After laying foundation stone for Kartarpur corridor, Pakistan likely to convert Bollywood actor Rishi Kapoor’s ancestral home into a museum in Peshawar. Notably, Rishi Kapoor had once made a call requesting Pakistan to convert his Peshawar’s ancestral home into museum.
The development comes in a press briefing which was attended by several Indian journalists late on Wednesday night. The announcement was made by Pakistan Foreign Minister Shah Mahmood Qureshi.
“There was a call from Rishi Kapoor, who said that his family’s home should be made into a museum or some sort of institution,” Shah said adding that so you can tell him we have made a decision to make it (a museum).
Naeemul Haq, special assistant for political affairs to Prime Minister Imran Khan said that the premier was very keen on preserving the history and heritage of Peshawar. “He has a special interest in restoring these places to their original glory. Rishi Kapoor’s request will be met very positively,” he said.
During India tour in 2016, Minister of state for interior Shehryar Khan Afridi had received a call from Rishi Kapoor pertaining to his Pakistan’s home. During that time, Afridi was an MP from Khyber-Pakhtunkhwa province and Imran Khan’s Pakistan Tehreek-e-Insaf party was in the opposition.
“He had called me and talked about making his ancestral home into a museum. Now the federal and provincial governments are working on this and it will happen soon,” Afridi said.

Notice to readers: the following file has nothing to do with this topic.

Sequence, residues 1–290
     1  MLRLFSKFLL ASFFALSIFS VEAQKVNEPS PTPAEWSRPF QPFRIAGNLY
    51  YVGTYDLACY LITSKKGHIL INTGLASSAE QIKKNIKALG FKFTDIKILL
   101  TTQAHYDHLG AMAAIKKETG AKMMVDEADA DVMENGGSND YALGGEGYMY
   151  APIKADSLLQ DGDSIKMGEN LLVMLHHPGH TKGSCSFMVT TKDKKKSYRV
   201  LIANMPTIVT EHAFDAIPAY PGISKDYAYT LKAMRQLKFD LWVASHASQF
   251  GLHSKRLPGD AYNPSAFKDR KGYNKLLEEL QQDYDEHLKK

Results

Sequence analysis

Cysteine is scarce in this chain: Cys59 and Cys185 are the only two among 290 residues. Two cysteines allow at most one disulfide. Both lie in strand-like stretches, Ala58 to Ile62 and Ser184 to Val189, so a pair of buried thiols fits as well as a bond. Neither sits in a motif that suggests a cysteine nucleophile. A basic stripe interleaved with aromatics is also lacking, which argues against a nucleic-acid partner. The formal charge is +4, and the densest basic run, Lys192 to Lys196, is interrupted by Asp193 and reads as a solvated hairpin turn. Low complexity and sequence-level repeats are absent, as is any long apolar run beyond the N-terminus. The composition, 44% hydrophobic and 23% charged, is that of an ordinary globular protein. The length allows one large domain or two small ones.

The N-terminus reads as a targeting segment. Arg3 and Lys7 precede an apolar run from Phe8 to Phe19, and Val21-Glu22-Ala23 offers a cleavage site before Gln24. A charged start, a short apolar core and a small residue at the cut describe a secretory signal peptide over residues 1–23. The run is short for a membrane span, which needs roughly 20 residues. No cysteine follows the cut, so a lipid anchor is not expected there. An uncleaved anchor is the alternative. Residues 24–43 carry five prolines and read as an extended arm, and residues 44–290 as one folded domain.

Notably, the Kapoor Haveli in Qissa Khwani Bazar was built by Basheswarnath Kapoor, the father of acting legend Prithviraj Kapoor. Raj Kapoor, the son of Prithviraj Kapoor, who was born in the house in 1924.
The top floor of the five-storey house at Dakhi Nalbandi, Peshawar’s highest point was collapsed years ago but about 60 rooms still survive. After the Kapoor family left Peshawar following the Partition in 1947, the building’s ownership passed through several hands.
Apart from Rishi Kapoor, Bollywood legend Dilip Kumar’s ancestral home too is located near the Qissa Khwani Bazar. Pakistani authorities have tried to acquire the crumbling building in recent years so that it could be preserved as a national heritage site but their efforts went into vain because of legal cases.
Dilip Kumar spent several years of his childhood in the Qissa Khwani Bazar or the “Market of Storytellers,” where travellers and traders from across Central Asia gathered to swap tales.